Lactate Dehydrogenase (LDH, EC 1.1.1.27), also known as NAD+ oxidase, catalyzes the reversible conversion of pyruvate and L-lactic acid and is an important oxidoreductase in the process of glycolysis, which is widely found in animal tissues and various microbial cells. The lactic acid is a chiral molecule with two configurations of D-lactic acid and L-lactic acid. The human body can only metabolize and utilize L-lactic acid. Therefore, the World Health Organization has advocated the use of L-lactic acid as a food additive and internal medicine to replace the currently widely used DL-lactic acid. In addition L-lactic acid, L-lactate and its polymers are also widely used in medicine, agriculture and chemical industry. People also use poly-L-lactic acid to produce biodegradable plastics, green packaging materials and household films to solve the increasingly serious environmental pollution problems.

Sources

Lactate dehydrogenase is widely present in animal tissues such as myocardium, liver, kidney, skeletal muscle, pancreas, and lung. Animal LDH is a tetrameric molecule with a molecular weight of 130000 to 145000. It belongs to the isozyme family and has five molecular forms. Two of the forms are composed of the same subunit. These two LDHs are H4 mainly distributed in in myocardium and M4 mainly distributed in skeletal muscle. The other three LDH consist of mixed subunits, they are H3M, H2M2, and HM3. In any form of LDH, each H or M subunit contains an active catalytic center. For tetramers of mixed subunits, such as H3M, the catalytic kinetic properties are the same as the 3:1 mixture of H4 and M4, indicating that the active centers of the same subunits in the different types of LDH molecules are very similar, and there is no significant interaction between the catalytic reactions on each subunit.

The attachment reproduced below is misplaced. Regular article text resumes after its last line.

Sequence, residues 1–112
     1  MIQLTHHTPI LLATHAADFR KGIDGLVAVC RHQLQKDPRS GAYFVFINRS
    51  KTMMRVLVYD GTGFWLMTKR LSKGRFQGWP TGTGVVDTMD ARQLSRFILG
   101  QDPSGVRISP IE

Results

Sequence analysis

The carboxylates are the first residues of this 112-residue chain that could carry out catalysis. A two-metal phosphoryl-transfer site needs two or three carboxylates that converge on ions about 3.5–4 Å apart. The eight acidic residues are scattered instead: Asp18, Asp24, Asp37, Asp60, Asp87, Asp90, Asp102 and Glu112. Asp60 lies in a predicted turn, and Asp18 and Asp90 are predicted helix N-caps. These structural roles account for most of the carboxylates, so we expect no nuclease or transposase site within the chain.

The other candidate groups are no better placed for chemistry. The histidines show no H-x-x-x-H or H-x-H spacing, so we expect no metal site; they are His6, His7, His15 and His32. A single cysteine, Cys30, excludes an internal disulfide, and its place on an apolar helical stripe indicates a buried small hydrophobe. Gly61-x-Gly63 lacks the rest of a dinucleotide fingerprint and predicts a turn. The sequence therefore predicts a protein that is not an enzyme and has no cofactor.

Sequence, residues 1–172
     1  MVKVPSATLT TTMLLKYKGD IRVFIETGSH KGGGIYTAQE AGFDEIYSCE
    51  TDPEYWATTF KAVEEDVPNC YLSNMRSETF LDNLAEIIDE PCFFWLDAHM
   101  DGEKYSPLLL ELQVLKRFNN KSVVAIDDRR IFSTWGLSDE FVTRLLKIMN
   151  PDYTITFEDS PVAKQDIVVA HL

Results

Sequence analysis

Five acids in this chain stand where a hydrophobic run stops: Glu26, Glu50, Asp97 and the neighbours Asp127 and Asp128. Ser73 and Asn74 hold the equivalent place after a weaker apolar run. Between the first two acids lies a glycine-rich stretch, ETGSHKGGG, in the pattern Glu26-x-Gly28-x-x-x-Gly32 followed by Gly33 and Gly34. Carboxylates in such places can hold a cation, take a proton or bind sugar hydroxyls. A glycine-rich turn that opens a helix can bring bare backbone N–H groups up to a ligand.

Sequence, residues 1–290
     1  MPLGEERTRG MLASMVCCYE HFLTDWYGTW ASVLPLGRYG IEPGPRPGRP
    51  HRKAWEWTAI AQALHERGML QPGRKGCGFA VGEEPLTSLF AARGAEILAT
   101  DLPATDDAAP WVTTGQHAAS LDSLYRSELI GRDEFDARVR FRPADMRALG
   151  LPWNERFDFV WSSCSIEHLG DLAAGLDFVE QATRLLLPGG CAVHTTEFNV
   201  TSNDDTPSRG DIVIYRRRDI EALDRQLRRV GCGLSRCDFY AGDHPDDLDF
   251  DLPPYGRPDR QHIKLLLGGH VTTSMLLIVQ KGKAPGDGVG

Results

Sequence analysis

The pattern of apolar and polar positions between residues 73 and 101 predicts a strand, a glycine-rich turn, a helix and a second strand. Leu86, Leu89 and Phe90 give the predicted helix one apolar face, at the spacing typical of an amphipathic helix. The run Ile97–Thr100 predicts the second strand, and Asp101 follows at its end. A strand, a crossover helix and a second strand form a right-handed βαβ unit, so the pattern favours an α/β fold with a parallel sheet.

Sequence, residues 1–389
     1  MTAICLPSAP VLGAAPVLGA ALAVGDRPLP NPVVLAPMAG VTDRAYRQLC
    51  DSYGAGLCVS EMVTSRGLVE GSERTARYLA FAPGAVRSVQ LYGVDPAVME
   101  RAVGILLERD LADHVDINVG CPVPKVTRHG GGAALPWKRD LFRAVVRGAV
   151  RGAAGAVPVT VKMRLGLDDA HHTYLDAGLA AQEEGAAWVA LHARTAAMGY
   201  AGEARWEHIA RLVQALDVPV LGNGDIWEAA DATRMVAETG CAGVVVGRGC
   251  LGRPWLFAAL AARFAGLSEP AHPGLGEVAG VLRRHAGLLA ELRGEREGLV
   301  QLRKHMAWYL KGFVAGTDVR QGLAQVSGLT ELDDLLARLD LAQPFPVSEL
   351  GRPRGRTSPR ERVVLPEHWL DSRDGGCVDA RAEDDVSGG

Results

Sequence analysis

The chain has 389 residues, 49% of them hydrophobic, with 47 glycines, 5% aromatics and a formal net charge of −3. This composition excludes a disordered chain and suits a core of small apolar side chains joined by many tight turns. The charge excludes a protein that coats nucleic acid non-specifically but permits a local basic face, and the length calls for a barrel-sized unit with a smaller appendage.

Bacterial lactate dehydrogenase can be divided into two types: one is LDH with NAD+ as coenzyme (NAD-dependent LDH, nLDH), and the other is LDH with cytochrome c, FAD or FMN, which belongs to non-dependent NAD+ type (NAD-independent LDH, iLDH). iLDH is present in both anaerobic and aerobic bacteria that catalyze lactic acid to produce pyruvate, which does not require NAD+/NADH as a coenzyme. No in vivo and in vitro experiments have detected that the enzyme can catalyze the occurrence of a reverse reaction. nLDH is located in the cytoplasm and is the key enzyme in the production process of Embden–Meyerhof–Parnas (EMP pathway). It is mainly used to catalyze pyruvic acid to produce lactic acid. The activity of nLDH is affected by the oxygen supply of bacteria. Certain bacteria nLDH bind to lactic acid and NAD under alkaline conditions. LDH in microbial cells did not find isoenzymes, and its conservation was far inferior to that of animal tissues. The LDH properties of different strains were quite different.